One of the great joys of being an entrepreneur is becoming immersed in all of the value creation going on all around you. At first you see it on your industry, in my case shopper media. Then you begin to see all the innovation going on around you. From the killer restauranteur trying out of the box concepts aimed at business leaders to the Realtor using LinkedIn to connect to business oriented buyers. Innovation sparks innovation cycles as more and more people are touched by the waves to putting the puzzle pieces together differently.
This past week, Shannon and I combined a business trip into a mini-vacation and set out to explore the great state to the north of us for a couple days. Since our #RonRroadtrip team preparing for a massive 5015 mile odyssey, I thought this could be a good opportunity for a test run. We used the roadtrippers.com platform to plan our trip and to discover sites, eats and food along the way. What we discovered was an epiphany in American entrepreneurial spirit. Starting from our home in Raleigh, one of the best places in the country to start a business, we wound our way through the Virginia countryside.
Education and Entrepreneurship
Our first stop was the Booker T. Washington Monument near Hale’s Ford, VA. Born a slave and freed after the civil war, Washington spent his life seeking to create opportunities for black people through education and entrepreneurship, an idea he advanced in the Atlanta Compromise. Far, far from equality promised by the constitution, the unwritten agreement funded educational charities and vocational training along with due process for blacks. The is little doubt that Mr. Washington recognized that economic opportunity provided by value creation would create much greater impact for future generations politically. We hadn’t expected to find an entrepreneurship story and yet here was a story of how one person inspired others to create their own path and opportunities.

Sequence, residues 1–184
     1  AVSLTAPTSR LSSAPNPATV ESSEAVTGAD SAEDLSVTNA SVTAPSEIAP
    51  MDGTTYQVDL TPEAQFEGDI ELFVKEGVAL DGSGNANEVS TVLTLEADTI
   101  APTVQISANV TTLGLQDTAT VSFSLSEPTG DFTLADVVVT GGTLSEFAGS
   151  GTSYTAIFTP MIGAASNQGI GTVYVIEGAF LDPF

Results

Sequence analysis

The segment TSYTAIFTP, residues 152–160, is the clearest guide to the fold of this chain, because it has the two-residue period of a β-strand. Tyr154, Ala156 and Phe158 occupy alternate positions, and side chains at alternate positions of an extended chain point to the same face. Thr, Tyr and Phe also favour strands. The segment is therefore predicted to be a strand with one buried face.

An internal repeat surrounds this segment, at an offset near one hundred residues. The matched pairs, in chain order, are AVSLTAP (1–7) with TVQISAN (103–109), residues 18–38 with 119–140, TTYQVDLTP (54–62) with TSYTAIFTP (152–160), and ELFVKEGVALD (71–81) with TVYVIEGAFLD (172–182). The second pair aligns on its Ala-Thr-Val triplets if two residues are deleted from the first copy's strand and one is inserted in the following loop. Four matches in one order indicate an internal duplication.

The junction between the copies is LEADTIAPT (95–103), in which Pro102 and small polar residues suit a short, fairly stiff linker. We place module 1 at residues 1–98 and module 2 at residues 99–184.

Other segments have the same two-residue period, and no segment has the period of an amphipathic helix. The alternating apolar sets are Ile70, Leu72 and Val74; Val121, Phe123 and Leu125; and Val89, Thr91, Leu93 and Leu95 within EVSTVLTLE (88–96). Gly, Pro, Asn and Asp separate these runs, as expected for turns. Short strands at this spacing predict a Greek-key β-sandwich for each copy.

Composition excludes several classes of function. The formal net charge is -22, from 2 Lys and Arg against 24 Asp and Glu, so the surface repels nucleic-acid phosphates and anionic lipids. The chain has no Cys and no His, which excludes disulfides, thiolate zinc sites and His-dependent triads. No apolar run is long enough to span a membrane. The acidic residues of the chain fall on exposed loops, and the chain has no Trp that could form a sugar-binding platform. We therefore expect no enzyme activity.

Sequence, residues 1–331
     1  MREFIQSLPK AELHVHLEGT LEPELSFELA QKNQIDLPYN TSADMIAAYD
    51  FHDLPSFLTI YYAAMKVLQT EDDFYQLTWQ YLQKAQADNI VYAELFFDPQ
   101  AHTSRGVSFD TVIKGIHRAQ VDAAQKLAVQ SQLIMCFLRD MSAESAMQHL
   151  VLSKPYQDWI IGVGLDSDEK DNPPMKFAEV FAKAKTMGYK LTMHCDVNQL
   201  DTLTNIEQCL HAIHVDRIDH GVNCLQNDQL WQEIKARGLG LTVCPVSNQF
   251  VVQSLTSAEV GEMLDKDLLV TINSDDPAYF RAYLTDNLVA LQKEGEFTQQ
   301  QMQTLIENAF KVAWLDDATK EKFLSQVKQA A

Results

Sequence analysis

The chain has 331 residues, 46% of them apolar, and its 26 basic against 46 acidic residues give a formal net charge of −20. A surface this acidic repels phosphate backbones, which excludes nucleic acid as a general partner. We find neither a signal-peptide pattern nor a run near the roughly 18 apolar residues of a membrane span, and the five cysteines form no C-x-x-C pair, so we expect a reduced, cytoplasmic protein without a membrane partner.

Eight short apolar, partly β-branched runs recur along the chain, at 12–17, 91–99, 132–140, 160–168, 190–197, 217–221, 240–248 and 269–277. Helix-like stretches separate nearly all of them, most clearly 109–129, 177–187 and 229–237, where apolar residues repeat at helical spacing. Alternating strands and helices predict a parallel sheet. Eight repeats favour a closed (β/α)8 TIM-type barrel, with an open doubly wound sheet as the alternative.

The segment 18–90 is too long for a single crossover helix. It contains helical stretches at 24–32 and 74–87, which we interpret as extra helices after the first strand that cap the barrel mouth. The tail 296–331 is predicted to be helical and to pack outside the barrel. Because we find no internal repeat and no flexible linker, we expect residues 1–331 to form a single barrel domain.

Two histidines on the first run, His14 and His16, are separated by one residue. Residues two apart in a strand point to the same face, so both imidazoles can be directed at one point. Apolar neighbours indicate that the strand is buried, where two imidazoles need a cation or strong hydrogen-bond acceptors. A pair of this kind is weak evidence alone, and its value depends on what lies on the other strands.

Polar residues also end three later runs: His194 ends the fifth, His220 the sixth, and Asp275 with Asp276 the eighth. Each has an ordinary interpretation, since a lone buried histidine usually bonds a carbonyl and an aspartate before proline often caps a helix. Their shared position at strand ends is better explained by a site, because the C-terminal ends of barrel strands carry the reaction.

Junctions for Trade
The day ended in Roanoke at the Hotel Roanoke, built in 1882 by the Norfolk Western Railway. The town of Roanoke (then known at Big Lick), was transformed in to a hub of v business creation when railroad entrepreneur Fredrick Kimball decided to create a junction in the town and build the hotel as a traffic point for his company’s customers. The decision transformed Roanoke into a center of manufacturing, distribution and mercantilism that continues to this day. As with all centers of innovation, relationships become the core and connection points like the Hotel Roanoke provide the hubs for ideas to incubate and spread.
Pathways To Commerce
The next day we traveled along the Blue Ridge Parkway north of Roanoke for a couple hours en route to Flint Hill, VA. The parkway itself was an entrepreneurial experiment partially funded by the New Deal. By putting people to work and also creating a sense of wanderlust for many. Countless businesses and communities benefitted from this investment and grew enterprises fed by the most popular attraction in the National Park system (despite not being a national park). Our travels on the parkway were a powerful reminder of infrastructure’s role in fostering innovation and development, especially as a pathway for business formation. We stopped along one of the over 100 crossings of the Appalachian Trail, another phenomenon of connectivity and commerce.
Time to eat!
I personally can’t go on a road trip for long without BBQ (and why would you?). We had added some potential lunch spots to our roadtripper’s app and by accident discovered a new restaurant, JJ’s Meat Shak. Whoa, what a complete smoked meat tour de force. JJ’s has a serious commitment to the bbq arts. Like many great restaurant startups, JJ’s started as a food truck in 2011 and has expanded into a full-blown restaurant and catering operation. Like Apple, a great product goes a long way to build a great business. Whenever we’ve built our businesses we did so on a simple principle, create a value that dwarfs other options. JJ’s dwarf’s other options and we plan to make up reasons to be in Buena Vista real soon.